Where do you belong? Do you know? Are you sure?
Does your family belong to you? What about your children? Perhaps I should rephrase: From what people, groups, activities, locations do you take your sense of grounding and belonging?
My sense of belonging has evolved over the years. And while I do not feel entirely at home anywhere, I recognize that I never have – with the pros and cons that inevitably result – leaving me with a sort of rootlessness, as well as adaptability.
I also understand that for those who may feel disconnected from family – emotionally or geographically – there may beat a stronger desire to belong to another person. Perhaps that is a spouse, a sibling, a group of friends, an organization, or those you see through a religious affiliation. For others, a similar early disconnection may set the stage for a fiercely independent streak, taking distance from belonging to anything or anyone – except oneself.
Communities We Frequent
My communities have evolved over the years, including both real and virtual connections.
Where I once took great pride in belonging to certain professional organizations, I now find greater satisfaction in an eclectic assortment of individual contacts. And though I make my living in part online, compared to many of my friends, I’m relatively disconnected from platforms that are in popular “personal” use.
This isn’t to say I don’t enjoy my interactions online. Clearly, I do. But I post rarely to Facebook about matters to do with my private or family life, I tweet rarely about my everyday doings, and when it comes to social media, I prefer the “social” in emails, telephone or Skype, while pleased to use most available platforms more frequently as “media.”
I rarely Facebook with my kids; I prefer talking and listening. I rarely Facebook with distant friends; again I prefer the more leisurely written word or the chipper exchange of voices by cell.
Do Our Communities Define Us? Comfort Us? Enrich Us?
As for communities and a personal sense of belonging, I miss a variety of groups that once enriched my life. These include arts groups and business groups and writers groups; the first two I generally participated in via “real” means, and for many years before writing online, I was pleased to discover writers groups in which I participated as early as the mid-late 1990s.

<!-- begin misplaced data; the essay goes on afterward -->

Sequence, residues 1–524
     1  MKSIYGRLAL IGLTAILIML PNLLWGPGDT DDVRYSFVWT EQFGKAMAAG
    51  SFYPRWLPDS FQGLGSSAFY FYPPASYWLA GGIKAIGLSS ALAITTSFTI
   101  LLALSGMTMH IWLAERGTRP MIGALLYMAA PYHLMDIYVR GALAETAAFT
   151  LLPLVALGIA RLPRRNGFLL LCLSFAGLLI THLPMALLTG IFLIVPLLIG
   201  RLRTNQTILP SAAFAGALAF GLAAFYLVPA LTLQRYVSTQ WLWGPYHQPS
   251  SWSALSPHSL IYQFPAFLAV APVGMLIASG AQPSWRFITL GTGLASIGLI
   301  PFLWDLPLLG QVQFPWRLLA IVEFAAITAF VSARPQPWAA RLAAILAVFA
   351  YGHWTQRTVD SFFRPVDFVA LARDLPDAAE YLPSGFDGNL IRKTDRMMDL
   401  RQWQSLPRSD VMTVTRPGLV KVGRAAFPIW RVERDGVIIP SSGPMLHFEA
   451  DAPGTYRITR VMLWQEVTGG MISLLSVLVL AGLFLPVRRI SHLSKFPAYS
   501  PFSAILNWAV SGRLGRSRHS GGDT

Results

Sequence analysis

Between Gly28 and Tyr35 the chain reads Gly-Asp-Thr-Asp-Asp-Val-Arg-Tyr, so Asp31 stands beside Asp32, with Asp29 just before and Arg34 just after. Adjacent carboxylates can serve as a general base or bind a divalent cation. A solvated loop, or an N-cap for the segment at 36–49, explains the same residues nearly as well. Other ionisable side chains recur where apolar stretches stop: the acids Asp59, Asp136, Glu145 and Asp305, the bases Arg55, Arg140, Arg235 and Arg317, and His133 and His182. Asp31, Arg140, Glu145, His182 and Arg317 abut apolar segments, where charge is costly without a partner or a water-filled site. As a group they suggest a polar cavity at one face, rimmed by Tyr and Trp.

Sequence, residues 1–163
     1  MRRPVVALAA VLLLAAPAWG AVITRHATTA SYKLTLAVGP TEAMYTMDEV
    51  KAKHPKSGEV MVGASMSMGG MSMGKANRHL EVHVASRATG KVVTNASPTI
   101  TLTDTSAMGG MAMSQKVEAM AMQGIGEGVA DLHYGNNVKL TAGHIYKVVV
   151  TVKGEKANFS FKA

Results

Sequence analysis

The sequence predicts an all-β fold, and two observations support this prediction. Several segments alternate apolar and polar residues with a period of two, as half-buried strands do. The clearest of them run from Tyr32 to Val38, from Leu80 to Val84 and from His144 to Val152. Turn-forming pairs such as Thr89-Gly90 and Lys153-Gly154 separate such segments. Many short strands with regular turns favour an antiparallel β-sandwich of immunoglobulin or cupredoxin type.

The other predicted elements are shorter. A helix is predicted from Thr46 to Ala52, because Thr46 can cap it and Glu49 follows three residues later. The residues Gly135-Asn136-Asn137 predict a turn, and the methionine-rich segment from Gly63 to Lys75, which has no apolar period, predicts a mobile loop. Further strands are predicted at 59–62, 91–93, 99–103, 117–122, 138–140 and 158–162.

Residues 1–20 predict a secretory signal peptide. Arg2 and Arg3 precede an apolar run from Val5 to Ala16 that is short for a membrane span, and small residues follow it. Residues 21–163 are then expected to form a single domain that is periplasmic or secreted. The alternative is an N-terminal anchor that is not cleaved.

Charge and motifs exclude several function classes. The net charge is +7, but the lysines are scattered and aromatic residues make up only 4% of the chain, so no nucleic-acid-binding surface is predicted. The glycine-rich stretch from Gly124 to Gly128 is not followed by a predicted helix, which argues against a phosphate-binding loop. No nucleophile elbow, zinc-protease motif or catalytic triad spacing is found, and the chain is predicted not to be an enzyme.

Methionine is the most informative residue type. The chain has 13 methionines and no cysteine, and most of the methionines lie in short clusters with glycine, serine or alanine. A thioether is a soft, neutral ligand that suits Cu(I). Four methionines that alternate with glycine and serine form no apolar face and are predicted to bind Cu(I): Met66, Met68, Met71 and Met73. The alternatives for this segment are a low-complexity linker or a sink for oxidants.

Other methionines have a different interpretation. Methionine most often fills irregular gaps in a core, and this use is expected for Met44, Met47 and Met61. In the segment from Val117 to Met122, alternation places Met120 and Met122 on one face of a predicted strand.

I also miss the camaraderie of “motherhood” that – however busy – was especially helpful when children are young. As irritating as PTA and Parent’s Nights at elementary school can be, even now, I can recreate the sheer happiness of being around so many proud little people – my kids and their friends.
Once upon a time, before marriage and parenthood, my undergrad alumnae network was a source of friendship, contacts and belonging.
During and after divorce, some 20 years later, I was unaware of the online communities that could have helped. “Belonging” would have meant solace, and likely greater perspective. But there was nothing at the time of the sort that has existed for the past five to eight years, best I can tell. If there had been, I would have felt less isolated, been better informed, and safeguarded by the warmth of these empathetic communities.
The Need to Belong
Some of us are less likely to be joiners, which isn’t to say that we’re loners exactly; we may have many reasons for not participating in available communities including time, money and access.
Some of us seem to require a sense of belonging more than others. I’ve observed this in friends, I see it in myself, I note it in those I’ve worked with over the years. And of course we’re familiar with notions of romantic belongingness of the “you belong to me” variety.
In fact, Psychology Today tells us:
Roy Baumeister and Mark Leary (1995) argue that the need to belong is a fundamental human need to form and maintain at least a minimum amount of lasting, positive, and significant interpersonal relationships. Satisfying this need requires (a) frequent, positive interactions with the same individuals, and (b) engaging in these interactions within a framework of long-term, stable care and concern.
I have found all those elements at one time or another in real world and online groups, and in certain personal relationships. What about you?
Belonging Feels Good
Considering the description above of the elements inherent in creating a sense of belonging, surely the stability and caring we feel is a vital motivator to find others in what can be a harsh, isolated, frazzled existence. That said, as we’re all wired differently and seek differing levels of outside approval, the importance of belonging is likely to vary by temperament and circumstances.
As I said, I would’ve been thrilled to have found a “divorced mother” community 8 or 10 years ago, and for that matter, I need to shore up and reach out to find some additional professional communities that are of interest today.
I wish I had the time for a “reading” community, and I confess that I’m wildly envious of those who are able to join online book groups. (I tell myself repeatedly… someday!)
At this stage in my life, these desires to belong are less about need and identity, and more about pleasure. Likewise, one of the pleasures of the passage of time is hoping to serve as a resource for others as so many have done For me.
- What communities do you frequent offline and online?
- Do you see yourself as one who listens, who participates, or who potentially leads?
- Are there online communities you find especially fun or helpful?
- Do you view your time online as productive and personally beneficial?
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